The village organised three panchayats immediately after the clashes to underline and reiterate that whatever happens elsewhere in the district will not be allowed to impact the congenial atmosphere of Akeda.
In nearby Kherla village, Khusheed Ahmed rues the reckless actions of the local administration in “destroying lives”. The police broke into homes and picked up youth, he claims, some of whom are still languishing in jails. “Houses were demolished in the name of illegal construction and there was a pronounced attempt to instill fear in us. They succeeded temporarily, but the spirit of Nuh is bigger than the fear they created,” he maintains.
The mounds of debris of “illegal” shops and homes razed in the aftermath of the clashes continue to dot the roadside near the Nalhar medical college and hospital, as also clearings in the less-inhabited areas in and around the city. These are reminders of how the clashes permanently altered the lives of those belonging to the lowest strata.
Living in makeshift tents after having lost everything in the demolitions, they are picking up the pieces of whatever little is left. “The administration came with policemen in tow and our house of 50 years was gone in the wink of an eye. We don’t know where to start and how to carry on,” says Asgari, who was living in Nalhar with her family of six.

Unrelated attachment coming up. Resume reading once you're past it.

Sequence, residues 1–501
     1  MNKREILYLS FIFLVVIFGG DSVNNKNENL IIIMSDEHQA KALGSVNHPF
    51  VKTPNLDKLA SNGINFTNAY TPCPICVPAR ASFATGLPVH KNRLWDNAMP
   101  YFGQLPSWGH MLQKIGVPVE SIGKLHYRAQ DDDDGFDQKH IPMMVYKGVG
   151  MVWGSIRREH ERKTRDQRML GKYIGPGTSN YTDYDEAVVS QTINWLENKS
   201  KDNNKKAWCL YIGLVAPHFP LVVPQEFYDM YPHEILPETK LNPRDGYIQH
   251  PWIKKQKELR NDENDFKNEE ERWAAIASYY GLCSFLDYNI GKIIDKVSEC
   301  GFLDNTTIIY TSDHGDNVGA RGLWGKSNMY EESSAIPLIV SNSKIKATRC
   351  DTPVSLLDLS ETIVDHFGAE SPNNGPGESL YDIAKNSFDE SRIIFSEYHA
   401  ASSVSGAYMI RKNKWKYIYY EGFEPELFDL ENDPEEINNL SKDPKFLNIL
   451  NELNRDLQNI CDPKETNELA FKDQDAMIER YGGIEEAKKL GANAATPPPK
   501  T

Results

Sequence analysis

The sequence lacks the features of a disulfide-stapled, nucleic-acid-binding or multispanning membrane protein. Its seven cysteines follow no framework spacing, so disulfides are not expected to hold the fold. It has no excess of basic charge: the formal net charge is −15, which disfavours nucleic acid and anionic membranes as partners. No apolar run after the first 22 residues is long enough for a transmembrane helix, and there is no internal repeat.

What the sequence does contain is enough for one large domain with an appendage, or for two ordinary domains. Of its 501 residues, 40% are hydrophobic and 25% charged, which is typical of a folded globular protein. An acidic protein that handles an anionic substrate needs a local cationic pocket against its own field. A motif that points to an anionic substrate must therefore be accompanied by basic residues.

The villagers believe that the debris has not been cleared deliberately to constantly remind the locals that the government is “powerful enough” to reduce their lives to rubble if they don’t fall in line. However, they maintain that they have never been out of line and the handiwork of outsiders is being thrust upon them to settle “political scores” of sending back Congress MLAs from all three seats to the Haryana Vidhan Sabha.
“The government had inputs about the escalating tension in Nuh but chose to ignore it, resulting in violence. Though normalcy has been restored, the faith of the people in the government machinery has been shaken. Nearly 75 per cent of those arrested by the police are innocent and the demolitions were carried out to punish the public. As if that was not enough, the government is resorting to witch-hunting and blaming the Congress to hide its own failure. The government stands totally exposed in the Nuh violence,” says Nuh MLA Aftab Ahmed.
Nangli villager Shakir, whose two sons were named in an FIR registered in connection with the clashes, has not been able to restart his business post July 31. “My cold drink shop, a temporary structure, was razed and my vehicle damaged as the paramilitary forces came charging. I don’t earn enough to make good my losses and get back on my feet,” he says.
In Moradbas village, Haji Ali is busy getting cattle fodder stocked. He says that the last two months have been difficult for the poorer sections but emphasises that the clashes have had no bearing on the Hindu-Muslim camaraderie. “The members of both the communities live together and there is no tension anywhere as normalcy returns. We never had a Hindu-Muslim problem in Nuh and we will never have it,” he remarks as he directs the women to pile up fodder.
Running the biggest grocery shop in Ghasera, Anil Goyal alias Babloo comes from Sohna everyday. “There was no disturbance at all in Nuh and we did not close our shop for one single day despite being surrounded by Muslims. There is no tension between the two communities here,” he emphasises.